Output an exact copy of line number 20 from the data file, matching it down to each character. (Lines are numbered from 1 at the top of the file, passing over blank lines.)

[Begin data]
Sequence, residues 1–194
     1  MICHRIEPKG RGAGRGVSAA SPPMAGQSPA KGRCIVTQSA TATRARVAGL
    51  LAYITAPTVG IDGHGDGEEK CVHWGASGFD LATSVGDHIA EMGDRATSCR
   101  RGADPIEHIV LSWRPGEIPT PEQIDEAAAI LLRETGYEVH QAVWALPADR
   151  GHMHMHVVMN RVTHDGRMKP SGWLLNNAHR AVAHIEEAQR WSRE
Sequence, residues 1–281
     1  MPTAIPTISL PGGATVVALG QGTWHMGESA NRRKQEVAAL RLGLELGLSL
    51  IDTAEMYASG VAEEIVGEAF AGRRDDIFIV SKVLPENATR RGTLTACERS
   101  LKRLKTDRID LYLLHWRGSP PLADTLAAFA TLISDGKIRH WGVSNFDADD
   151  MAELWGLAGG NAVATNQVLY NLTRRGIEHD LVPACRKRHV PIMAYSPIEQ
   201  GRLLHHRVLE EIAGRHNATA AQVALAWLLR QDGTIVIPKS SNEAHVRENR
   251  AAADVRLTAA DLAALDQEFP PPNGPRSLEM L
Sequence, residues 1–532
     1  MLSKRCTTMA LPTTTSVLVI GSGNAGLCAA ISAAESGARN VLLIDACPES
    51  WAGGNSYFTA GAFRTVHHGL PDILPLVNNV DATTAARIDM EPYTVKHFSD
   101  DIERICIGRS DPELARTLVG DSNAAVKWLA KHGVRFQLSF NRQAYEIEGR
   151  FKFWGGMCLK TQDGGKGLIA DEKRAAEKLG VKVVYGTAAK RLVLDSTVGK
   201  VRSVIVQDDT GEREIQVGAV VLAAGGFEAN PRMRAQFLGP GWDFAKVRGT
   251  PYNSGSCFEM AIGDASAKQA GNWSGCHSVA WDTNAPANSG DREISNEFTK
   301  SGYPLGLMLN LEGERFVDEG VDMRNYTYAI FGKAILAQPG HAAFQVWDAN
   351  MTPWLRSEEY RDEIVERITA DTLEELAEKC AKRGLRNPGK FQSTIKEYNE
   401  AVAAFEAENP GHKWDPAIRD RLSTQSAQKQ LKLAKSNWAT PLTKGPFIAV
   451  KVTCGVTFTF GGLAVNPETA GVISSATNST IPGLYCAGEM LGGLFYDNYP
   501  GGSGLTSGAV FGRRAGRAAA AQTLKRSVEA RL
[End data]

   301  SGYPLGLMLN LEGERFVDEG VDMRNYTYAI FGKAILAQPG HAAFQVWDAN